Aihara, Nomura: We are seeing an increase in corporations that are considering SRI bonds. There are a few reasons for this. First, they want to be clear with the market — not just bond investors, but also their customers — that they are making an effort to have a positive environmental and social impact.
Second, increasing appetite from investors is making SRI bond marketing run smoothly. This may lead to a pricing advantage in the long-term, but it is not the only factor.
GlobalCapital: How much has the green and SRI investor base developed in Japan? Is it catching up with the overseas market?
Aihara, Nomura: In Europe, there are funds dedicated to green bonds and SRI bonds. Most market participants are aware of the existence of those funds. But in Japan, they have not reached such a recognisable size.
Asset owners, such as life insurers, have continued efforts to invest in these areas, expanding their SRI investment. The regional investors such as shinkin banks or credit institutions are small in size, but those investors have also started to show interest in green bonds. These regional investors are also interested in social bonds, such as those issued by JASSO and JICA.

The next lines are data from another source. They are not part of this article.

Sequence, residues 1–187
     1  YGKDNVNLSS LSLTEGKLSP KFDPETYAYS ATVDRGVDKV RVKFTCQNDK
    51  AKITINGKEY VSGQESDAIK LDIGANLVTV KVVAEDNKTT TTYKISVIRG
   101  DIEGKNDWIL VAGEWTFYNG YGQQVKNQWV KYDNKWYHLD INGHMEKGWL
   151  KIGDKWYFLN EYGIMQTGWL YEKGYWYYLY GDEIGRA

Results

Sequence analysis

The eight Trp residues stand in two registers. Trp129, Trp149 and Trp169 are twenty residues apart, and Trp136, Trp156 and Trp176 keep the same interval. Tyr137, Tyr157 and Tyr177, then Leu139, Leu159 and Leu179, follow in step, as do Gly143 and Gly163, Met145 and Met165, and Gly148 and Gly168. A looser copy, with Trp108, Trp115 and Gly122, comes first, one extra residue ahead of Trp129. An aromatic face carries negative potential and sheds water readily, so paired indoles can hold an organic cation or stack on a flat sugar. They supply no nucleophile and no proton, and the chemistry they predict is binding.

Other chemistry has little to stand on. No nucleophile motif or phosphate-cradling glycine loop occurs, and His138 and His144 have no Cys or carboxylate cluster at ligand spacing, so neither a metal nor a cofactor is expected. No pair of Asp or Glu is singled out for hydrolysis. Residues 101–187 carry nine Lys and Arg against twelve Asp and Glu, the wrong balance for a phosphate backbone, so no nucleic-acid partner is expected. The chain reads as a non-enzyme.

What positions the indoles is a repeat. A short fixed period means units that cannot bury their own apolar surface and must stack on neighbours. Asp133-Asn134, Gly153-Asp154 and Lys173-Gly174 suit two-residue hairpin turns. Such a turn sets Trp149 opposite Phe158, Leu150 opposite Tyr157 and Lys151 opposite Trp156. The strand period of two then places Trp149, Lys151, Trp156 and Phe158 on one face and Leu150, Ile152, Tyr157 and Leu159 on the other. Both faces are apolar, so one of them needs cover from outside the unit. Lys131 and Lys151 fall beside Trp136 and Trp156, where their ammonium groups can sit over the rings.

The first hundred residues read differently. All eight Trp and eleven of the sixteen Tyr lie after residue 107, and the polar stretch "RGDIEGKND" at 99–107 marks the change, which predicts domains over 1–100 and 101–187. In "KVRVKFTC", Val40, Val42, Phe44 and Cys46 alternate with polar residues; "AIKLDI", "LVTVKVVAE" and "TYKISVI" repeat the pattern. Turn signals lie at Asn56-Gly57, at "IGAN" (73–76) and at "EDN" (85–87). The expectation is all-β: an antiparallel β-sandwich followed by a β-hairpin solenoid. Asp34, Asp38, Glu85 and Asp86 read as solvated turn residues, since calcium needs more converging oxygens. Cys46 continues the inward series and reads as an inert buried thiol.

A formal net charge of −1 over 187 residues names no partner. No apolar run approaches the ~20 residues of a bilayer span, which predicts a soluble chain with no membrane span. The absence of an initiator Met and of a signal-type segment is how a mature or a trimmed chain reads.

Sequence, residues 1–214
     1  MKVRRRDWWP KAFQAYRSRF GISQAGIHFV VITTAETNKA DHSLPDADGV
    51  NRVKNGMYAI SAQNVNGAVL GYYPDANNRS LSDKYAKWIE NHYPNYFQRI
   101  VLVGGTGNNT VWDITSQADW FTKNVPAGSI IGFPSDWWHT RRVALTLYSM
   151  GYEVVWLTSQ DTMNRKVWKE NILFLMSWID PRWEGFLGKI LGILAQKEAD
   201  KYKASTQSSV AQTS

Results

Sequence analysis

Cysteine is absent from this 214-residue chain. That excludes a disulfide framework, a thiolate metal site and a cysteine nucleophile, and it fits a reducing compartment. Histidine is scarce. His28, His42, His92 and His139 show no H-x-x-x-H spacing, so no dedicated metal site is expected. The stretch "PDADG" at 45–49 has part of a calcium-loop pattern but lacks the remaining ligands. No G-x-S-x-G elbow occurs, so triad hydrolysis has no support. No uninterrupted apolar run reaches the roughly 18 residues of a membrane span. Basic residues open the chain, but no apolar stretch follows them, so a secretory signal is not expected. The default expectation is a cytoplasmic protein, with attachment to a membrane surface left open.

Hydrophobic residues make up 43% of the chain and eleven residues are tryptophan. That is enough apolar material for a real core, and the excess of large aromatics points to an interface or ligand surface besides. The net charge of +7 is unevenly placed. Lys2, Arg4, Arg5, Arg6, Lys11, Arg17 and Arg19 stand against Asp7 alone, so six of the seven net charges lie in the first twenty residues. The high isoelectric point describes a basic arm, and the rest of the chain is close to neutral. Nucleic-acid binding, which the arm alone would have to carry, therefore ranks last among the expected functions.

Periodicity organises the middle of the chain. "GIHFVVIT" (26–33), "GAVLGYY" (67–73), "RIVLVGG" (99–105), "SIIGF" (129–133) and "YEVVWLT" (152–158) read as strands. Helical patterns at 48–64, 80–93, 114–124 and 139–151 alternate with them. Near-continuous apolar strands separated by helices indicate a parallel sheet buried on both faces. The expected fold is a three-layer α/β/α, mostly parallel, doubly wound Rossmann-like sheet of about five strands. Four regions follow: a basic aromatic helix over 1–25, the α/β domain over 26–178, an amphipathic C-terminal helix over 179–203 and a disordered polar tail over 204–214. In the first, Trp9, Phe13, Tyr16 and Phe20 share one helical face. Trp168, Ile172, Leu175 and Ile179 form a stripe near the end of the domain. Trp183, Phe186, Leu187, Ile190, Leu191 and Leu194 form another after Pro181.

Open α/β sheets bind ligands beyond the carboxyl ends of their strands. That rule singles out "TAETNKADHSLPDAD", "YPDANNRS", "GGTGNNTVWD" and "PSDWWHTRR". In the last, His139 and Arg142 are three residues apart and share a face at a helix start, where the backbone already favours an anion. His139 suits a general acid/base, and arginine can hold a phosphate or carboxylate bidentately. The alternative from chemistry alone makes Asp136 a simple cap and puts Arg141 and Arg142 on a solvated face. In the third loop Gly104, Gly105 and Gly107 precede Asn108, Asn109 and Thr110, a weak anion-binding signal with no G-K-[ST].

We need to expand the market. One way to encourage the development of more of those investors in the domestic market is to create an index for green bonds and SRI bonds.
Sato, TMG: There are investors that have bought our bonds because they are green and we think the number of SRI-dedicated investors in Japan will increase. But in order to enlarge the demand in the future, we think further development and maturing of the domestic green bond market in Japan is essential, which is one of our reasons for issuing green bonds.
Kanedome, DNV GL: As we discuss with issuers and brokerage firms the benefits of green bonds, the diversification of the investor base is a key one, so we need to make sure that this investor base continues to grow. But we also need to consider a wider definition of green financing tools and instruments. What about green loans? They do not really exist in Japan at the moment, but overseas the market has options like that available. Companies want to see more diversification of the tools and instruments. It is not just green bonds or even green loans, but social financing too. We do need to work hard to establish green bonds in their own right, but it is also important the development of the market is not too limited.